Twin brothers to be sentenced over death of charity cyclist 

Alexander McKellar killed Tony Parsons and then teamed up with his twin brother to try and cover up the crime.

Twin brothers to be sentenced over death of charity cyclist Tony Parsons Police Scotland

A drink-driver will be sentenced on Friday after he admitted killing charity cyclist Tony Parsons and burying his body to cover up the crime.

Alexander McKellar caused the death of Tony Parsons by hitting him with his vehicle on the A82 near Bridge of Orchy, Argyll and Bute, on September 29, 2017.

McKellar then teamed up with his twin brother Robert to try and cover up the crime, which included burying the 63-year-old ex-navy officer in nearby woods.

The brothers will be sentenced at the High Court in Glasgow.

While originally charged with murder, advocate depute Alex Prentice KC announced last month the charges against the two brothers had been amended.

Alexander McKellar pled guilty on July 26 to the reduced charge of culpable homicide.

Meanwhile, his brother had his not guilty plea to murder accepted. Along with Alexander, he instead admitted to a charge of attempting to defeat the ends of justice.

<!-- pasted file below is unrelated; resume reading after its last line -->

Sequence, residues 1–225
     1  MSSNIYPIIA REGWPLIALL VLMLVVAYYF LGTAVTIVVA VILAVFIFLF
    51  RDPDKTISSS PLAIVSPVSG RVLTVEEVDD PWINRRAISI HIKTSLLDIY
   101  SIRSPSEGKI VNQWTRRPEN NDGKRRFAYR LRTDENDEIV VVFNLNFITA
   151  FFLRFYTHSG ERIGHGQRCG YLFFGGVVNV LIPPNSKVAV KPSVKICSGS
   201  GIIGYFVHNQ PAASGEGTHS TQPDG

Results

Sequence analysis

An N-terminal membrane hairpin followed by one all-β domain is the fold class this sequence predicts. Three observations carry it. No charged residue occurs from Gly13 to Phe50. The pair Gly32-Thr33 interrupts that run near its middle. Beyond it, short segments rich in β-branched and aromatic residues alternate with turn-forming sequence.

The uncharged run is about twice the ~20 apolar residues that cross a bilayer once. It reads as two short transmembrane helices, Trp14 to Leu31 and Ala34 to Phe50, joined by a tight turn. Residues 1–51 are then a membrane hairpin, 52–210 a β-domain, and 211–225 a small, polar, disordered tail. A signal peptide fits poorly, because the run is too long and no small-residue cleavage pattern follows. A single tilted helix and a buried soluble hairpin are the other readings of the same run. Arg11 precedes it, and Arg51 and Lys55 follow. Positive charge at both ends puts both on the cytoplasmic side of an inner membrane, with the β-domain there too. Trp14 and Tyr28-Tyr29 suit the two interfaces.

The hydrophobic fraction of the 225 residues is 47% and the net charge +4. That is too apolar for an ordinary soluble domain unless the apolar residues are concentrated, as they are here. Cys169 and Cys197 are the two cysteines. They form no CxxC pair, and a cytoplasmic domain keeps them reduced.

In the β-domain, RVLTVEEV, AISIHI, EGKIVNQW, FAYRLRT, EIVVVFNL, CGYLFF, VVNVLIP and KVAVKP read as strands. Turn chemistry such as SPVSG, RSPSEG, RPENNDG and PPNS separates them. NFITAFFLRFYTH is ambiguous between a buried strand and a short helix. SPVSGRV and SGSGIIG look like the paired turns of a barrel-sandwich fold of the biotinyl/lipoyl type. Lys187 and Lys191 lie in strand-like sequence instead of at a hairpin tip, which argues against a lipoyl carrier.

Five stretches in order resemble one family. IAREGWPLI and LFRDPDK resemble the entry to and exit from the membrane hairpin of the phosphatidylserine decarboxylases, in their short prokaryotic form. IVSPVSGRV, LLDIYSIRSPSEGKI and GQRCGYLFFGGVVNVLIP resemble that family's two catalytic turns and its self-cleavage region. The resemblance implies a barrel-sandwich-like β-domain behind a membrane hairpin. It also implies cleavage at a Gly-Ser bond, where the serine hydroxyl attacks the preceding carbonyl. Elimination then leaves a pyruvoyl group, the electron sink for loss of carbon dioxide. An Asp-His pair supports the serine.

Alexander admitted driving on the A82 at “excess speed and when unfit through alcohol”. His Isuzu D-Max pick-up hit Mr Parsons, who was cycling at the time.

STV News

With “reckless disregard” for his actions, he left Mr Parsons by the side of the road “in a remote location during the hours of darkness and in inclement weather”, causing his death.

The charge of attempting to defeat the ends of justice, is said to have taken place between September 29, 2017 and January 3, 2021.

Both brothers admitted leaving the site where Mr Parsons had been struck and returning in another vehicle, into which they placed the cyclist along with his bicycle and other belongings.

They moved him to woods in the Auch Estate, before then moving his body to another location which was used to dispose of dead animals.

There, they dug a grave and buried him, as well as disposing of his belongings.

They pretended the damage caused to their car had been due to striking a deer and sought to conceal that Mr Parsons had been struck by it.

Mr Parsons’ disappearance sparked a large scale missing person probe, which included a BBC Crimewatch TV appeal by his son.

It was only in January 12, 2021 – more than three years after he was killed – that his remains were discovered in a remote area near a farm at Bridge of Orchy.